Wednesday, October 7, 2009

American Pharmacists Month: Know Your MEDICINE, Know Your Pharmacist

American Pharmacists Month is October and the American Pharmacists Association (APhA) is using the theme of “Know Your MEDICINE, Know Your Pharmacist” as it core message for the month.

One of the APhA’s objectives for the month is - To stress the importance of Knowing Your Medicine and Knowing Your Pharmacist to ensure drug therapy is as safe and effective as possible.

As often blogged about in Secure Pharma Chain Blog, globally the entire pharmaceutical supply chain is facing a proliferating epidemic of counterfeit, adulterated and fraudulent medications which threaten to impact the healthcare of consumers worldwide. Literally hundreds of thousands of people die each year globally, with millions more suffering from the impact of fraudulent drugs that they consume. Domestically, even though the percentage of the supply chain, impacted by counterfeit medications is estimated at 1-3% (well below the global average of 10%) this still means that over 35 million prescriptions are filled with fraudulent drugs each year within the United States.

The pharmacist is a consumer’s primary line of defense in protecting themselves from the impact of fraudulent and counterfeit medications and making certain that their drug therapy is as safe and effective as possible.

Secure Pharma Chain Blog’s Consumer Tips for Maximizing the Safety and Effectiveness of Your Medications:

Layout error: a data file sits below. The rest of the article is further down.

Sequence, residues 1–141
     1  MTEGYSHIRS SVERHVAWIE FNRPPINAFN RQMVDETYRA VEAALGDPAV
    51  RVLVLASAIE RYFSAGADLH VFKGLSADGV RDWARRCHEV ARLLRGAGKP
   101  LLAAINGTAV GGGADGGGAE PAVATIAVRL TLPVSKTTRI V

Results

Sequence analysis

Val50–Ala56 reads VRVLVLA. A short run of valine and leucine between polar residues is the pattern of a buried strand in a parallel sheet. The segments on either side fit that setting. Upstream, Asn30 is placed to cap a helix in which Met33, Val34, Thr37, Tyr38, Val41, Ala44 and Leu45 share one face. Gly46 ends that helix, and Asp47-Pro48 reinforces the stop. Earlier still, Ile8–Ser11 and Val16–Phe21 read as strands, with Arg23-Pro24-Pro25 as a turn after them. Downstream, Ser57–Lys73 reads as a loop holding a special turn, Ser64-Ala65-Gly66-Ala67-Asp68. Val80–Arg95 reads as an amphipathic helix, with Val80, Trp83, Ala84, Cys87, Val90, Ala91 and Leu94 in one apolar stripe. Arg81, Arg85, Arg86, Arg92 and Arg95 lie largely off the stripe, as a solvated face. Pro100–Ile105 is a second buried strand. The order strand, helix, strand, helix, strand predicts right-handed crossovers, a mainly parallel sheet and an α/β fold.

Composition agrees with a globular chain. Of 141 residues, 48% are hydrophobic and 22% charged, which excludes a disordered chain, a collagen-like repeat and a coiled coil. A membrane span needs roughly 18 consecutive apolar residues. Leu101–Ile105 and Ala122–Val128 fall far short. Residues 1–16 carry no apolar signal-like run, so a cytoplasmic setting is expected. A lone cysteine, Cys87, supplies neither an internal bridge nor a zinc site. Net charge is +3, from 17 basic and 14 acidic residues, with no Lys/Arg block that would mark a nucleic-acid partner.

1. Only buy medications from a licensed pharmacy that has locations near your home.

2. If you buy prescriptions on-line, only buy from licensed on-line pharmacy that is approved by the National Association of Boards of Pharmacy and/or one that is part of a chain or otherwise affiliated with a drug store that you visit regularly.

3. Never buy prescription medications from a source that does not require a physician’s prescription or offers you a physician’s prescription without a physical examination.

4. Develop a rapport with your local pharmacist and visit regularly with them about your medications and your healthcare in general.

5. If you notice that your medications have changed in appearance, smell, taste or otherwise appear different, contact your pharmacist immediately.

6. If you notice side effects that have not been explained to you, or your medications are not properly treating your condition as they have before, notify your pharmacist and physician immediately.

7. Remember, if the price of a medication sounds too good to be true, it probably is.

In today’s current economic climate, there are many who are using healthcare and medications as a way to make a quick buck, it is important that you work with healthcare professionals that diligently protect their patients from nefarious sources of supply that may negatively impact your health.

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